Brazilians elect far-right president Jair Bolsonaro


RIO DE JANEIRO (JTA) — Brazilians elected a president who is a far-right, ardently pro-Israel veteran pol who once declared “My heart is green, yellow, blue and white,” in a reference to the colors of the Israeli and Brazilian flags.

Jair Bolsonaro, a 63-year-old seven-term congressman who built his campaign around pledges to crush corruption and crime, secured over 55 percent of the vote, an 11 percent lead over his far-left rival Fernando Haddad.

“We cannot continue flirting with socialism, communism, populism and leftist extremism … We are going to change the destiny of Brazil,” said Bolsonaro in his late Sunday night acceptance speech broadcast from his home in Rio, which showed a Jewish menorah in the background of the video.

Highly divisive among Jewish voters, the Conservative lawmaker — whose middle name, Messias, literally means “messiah” — won the ballot after a drama-filled election that looks set to radically reforge the future of the world’s fourth biggest democracy, leaving nearly 15 years of far-left governments behind.

“I have just congratulated president-elect @jairbolsonaro for the historic victory won today. Once the election is over, it is time for all, united, to continue working for Brazil,” Brazil’s President Michel Temer, who rose to power to replace impeached Dilma Rousseff, tweeted overnight.

For many Jewish voters, Bolsonaro has always been a dream president. He has declared he will move the Brazilian embassy to Jerusalem from Tel Aviv. His first international trip as president, he said, will be to Israel, with which he will seek to broaden the dialogue. And he promised to close the Palestinian embassy in Brasilia.

“Is Palestine a country? Palestine is not a country, so there should be no embassy here,” Bolsonaro said weeks ago. “You do not negotiate with terrorists.”

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The pol’s victory means, many hope, the longtime anti-Israel sentiment of far-left Rouseff and Luis Inacio Lula da Silva, who is serving a 12-year prison sentence for corruption and money laundering. One low point in Brazil-Israel relations came in 2014, when the Brazilian government recalled its ambassador to Israel for consultations during that summer’s war in Gaza, and a former special adviser to Rouseff described Israeli military actions there as a “massacre.”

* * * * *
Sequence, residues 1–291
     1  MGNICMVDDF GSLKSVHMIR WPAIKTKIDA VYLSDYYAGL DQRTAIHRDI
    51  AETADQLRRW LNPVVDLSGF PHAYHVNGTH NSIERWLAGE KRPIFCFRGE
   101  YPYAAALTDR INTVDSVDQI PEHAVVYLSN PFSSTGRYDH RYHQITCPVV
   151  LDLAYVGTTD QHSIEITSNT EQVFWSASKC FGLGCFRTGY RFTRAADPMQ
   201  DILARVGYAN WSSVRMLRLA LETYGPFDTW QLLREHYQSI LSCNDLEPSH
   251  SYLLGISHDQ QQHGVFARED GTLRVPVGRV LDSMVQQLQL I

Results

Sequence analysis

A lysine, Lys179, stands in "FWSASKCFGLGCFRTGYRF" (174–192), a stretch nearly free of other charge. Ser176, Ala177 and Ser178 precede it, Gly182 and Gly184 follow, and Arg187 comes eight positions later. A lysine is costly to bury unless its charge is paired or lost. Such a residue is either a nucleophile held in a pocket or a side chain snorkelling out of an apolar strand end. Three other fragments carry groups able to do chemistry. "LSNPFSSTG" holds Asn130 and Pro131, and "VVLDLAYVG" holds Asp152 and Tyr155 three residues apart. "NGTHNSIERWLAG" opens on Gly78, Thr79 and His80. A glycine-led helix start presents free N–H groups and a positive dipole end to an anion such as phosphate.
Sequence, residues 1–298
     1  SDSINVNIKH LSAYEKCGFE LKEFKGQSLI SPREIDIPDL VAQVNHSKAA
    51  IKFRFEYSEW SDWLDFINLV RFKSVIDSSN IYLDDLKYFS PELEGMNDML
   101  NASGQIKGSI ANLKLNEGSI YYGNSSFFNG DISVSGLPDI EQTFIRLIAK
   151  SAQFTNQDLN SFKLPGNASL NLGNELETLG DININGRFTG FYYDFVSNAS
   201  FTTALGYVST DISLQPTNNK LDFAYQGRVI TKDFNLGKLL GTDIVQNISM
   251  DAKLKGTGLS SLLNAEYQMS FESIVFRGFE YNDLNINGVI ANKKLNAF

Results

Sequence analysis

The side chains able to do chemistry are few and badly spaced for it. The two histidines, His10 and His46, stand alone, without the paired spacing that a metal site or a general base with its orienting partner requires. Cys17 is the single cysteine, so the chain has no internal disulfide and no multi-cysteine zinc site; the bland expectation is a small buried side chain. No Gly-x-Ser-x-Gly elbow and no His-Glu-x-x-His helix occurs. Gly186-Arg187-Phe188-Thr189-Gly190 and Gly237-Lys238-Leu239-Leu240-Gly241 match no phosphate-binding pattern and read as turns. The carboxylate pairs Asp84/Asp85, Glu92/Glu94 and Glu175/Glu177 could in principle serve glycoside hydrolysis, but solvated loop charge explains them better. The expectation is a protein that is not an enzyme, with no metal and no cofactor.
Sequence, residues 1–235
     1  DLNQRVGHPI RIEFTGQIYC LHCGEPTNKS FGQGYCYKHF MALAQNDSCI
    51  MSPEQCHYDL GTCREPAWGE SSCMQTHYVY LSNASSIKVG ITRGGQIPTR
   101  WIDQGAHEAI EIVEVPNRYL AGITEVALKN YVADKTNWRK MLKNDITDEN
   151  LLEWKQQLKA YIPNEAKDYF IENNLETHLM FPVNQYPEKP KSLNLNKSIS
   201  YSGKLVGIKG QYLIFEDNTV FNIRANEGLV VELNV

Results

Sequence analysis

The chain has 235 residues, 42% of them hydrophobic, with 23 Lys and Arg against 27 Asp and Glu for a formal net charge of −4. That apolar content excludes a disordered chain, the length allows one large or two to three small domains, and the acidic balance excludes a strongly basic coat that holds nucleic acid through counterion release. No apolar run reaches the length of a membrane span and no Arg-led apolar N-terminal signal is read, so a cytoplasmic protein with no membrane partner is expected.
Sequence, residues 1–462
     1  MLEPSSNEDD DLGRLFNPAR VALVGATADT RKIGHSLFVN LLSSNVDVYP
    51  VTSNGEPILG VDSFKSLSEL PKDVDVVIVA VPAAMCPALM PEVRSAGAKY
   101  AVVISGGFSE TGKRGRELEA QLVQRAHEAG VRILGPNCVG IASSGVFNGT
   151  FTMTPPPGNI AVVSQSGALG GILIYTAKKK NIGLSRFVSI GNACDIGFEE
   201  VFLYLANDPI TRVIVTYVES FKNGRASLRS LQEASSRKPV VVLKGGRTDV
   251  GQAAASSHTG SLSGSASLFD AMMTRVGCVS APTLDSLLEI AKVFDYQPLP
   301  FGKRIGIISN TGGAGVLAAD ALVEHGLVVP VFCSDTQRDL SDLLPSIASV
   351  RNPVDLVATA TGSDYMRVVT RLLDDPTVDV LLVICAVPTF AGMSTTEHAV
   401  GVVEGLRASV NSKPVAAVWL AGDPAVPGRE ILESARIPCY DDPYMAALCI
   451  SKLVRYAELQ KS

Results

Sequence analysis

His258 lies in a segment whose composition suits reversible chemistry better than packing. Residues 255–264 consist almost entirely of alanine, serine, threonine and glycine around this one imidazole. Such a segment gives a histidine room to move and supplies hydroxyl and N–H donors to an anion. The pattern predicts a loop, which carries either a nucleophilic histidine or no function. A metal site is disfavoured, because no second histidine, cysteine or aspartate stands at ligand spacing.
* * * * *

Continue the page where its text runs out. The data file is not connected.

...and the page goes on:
“Bolsonaro stood out among the many candidates for including the State of Israel in the major speeches he made during the campaign,” Israel’s honorary consul in Rio, Osias Wurman, told JTA last week. “He is a lover of the people and the State of Israel.”

On Sept. 6, Bolsonaro was stabbed and seriously injured during a street rally while campaigning. After receiving local emergency treatment, Bolsonaro chose to be transferred to a Jewish hospital in Sao Paulo to recover from life-threatening injuries. The fact that the politician declined treatment offered by the Syrian-Lebanese Hospital, an elite hospital commonly chosen by senior politicians, led to conspiracy theories in social media.

The most radical among Bolsonaro’s nearly 10 million followers suggested his life would be at risk at a place “by the hands of Arab and Muslim doctors,” adding that at the Jewish-led Albert Einstein hospital, Israel’s Mossad would be able to protect him.

Dubbed “Brazil’s Trump,” Brazil’s president-elect is referred to by opponents as “extreme” and “a risk” to democracy. The former army captain waxes nostalgic about Brazil’s 1964-1985 military regime, and has derided gays, women and minorities. Some have gone so far as to liken him to Adolf Hitler and the Nazi Party.

Bolsonaro’s supporters usually refer to him by the nickname “Mito,” from the word myth or legend. His three sons, also politicians, have been photographed wearing T-shirts with messages in Hebrew. One of them was elected senator earlier this month.

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